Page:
A: CPT code 76375 (Coronal, sagittal, multiplanar, oblique, 3-dimensional and/or holographic reconstruction of computerized axial tomography, magnetic resonance imaging, or other tomographic modality) is used to report studies that have been reformatted (reconstructed) from one plane into another (e.g., when images originally taken in the axial plane are reformatted into the coronal plane). Because the reconstruction study is a separate procedure, it should be reported separately from the base study. You should not use 76375 to code for CT imaging procedures originally performed in the coronal, sagittal, multiplanar and or oblique planes.
The usefulness of 2-D, 3-D or holographic reconstructions depends very much on the anatomy being studied, the clinical question and the needs of both the referring physician and the interpreting radiologist. In some exams (complex facial fractures, acetabular fractures, spine pathology are a few examples) reconstruction imaging will legitimately be performed on the majority of the exams. For other studies, such as CT abdomen for pain or metastatic work-up, post-processing will not be used frequently.
When 2-D/3-D or holographic reconstruction is performed on cross-sectional imaging data (e.g. CT, MRI), this should be reported in addition to reporting the original cross- sectional image data. The ACR recommends that this be a separate report or at least a separate section of the total MR/CT report.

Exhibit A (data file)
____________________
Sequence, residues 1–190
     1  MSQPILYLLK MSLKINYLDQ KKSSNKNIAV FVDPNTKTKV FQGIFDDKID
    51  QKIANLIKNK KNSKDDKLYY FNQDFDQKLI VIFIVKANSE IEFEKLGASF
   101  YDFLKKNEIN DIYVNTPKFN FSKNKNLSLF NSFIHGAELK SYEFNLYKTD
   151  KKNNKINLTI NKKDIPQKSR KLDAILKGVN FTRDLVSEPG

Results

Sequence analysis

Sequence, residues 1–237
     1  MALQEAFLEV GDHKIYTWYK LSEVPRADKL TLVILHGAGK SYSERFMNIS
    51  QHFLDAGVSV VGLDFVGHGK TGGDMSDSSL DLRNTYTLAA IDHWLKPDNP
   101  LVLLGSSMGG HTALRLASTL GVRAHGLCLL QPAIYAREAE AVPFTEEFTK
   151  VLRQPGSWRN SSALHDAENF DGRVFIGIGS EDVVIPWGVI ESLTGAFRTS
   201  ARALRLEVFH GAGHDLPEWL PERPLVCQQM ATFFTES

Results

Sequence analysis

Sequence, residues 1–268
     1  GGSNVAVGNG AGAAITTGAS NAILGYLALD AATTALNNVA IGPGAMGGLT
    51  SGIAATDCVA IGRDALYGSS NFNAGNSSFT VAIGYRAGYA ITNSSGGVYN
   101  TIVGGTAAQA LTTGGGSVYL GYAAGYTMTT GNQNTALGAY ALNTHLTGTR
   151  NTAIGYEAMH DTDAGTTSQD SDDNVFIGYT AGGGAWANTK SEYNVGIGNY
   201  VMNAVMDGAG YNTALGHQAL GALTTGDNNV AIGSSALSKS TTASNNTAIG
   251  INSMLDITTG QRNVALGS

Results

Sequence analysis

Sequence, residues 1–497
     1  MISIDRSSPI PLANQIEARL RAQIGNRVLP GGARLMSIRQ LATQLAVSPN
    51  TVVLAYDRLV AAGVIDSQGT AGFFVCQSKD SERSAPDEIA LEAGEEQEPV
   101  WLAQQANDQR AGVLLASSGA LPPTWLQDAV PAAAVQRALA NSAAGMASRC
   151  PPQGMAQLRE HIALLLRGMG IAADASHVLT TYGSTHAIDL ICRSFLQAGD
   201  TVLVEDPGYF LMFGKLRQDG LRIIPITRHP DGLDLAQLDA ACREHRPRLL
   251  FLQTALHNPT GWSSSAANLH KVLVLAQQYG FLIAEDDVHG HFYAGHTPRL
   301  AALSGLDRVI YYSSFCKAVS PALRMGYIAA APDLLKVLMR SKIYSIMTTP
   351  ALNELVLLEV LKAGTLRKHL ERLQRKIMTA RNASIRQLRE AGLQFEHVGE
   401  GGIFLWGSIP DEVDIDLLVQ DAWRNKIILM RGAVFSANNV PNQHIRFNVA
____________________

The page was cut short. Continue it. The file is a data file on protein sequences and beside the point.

The reconstruction code 76375 should not be submitted in addition to the CTA and MRA codes. CT angiography (CTA) and MR angiography (MRA) codes, regardless of the anatomic site, include the post processing (usually maximum intensity projection or surface rendering) of the acquired image data and interpretation of the post-processed images.
A separate order from the referring physician is not necessary to perform reconstruction imaging in a free-standing (nonhospital) facility. The ACR position is that the interpreting radiologist should ultimately decide whether to apply post-processed images, just as he or she decides other technical parameters like slice thickness or whether to use contrast.
Performance of reconstruction imaging will normally fall under the "study design" or protocol of the procedure; however, the interpreting radiologist should explain in the report (separate from the dictation of the original study) why it was necessary to perform the reconstruction. This will both justify "medical necessity," if the report is later reviewed, and inform the physician who ordered the original study what additional information can be gleaned from the reconstructions.
Note that the Ordering of Diagnostic Tests rule does not apply in the hospital (inpatient or outpatient) setting. Hospital facilities are regulated through the Joint Commission on Accreditation of Healthcare Organizations (JCAHO) and are covered under HCFA 42 CFR 482.26 (b)(4), Conditions of Participation: Radiologic Services. Medicare’s conditions of participation state, “radiologic services must be provided only on the order of practitioners with clinical privileges, or, consistent with state law, of other practitioners authorized by the medical staff and the governing body to order the services.” Therefore, hospital entities are referred to their medical staff bylaws and state laws for specific regulations as to the ordering of diagnostic tests.
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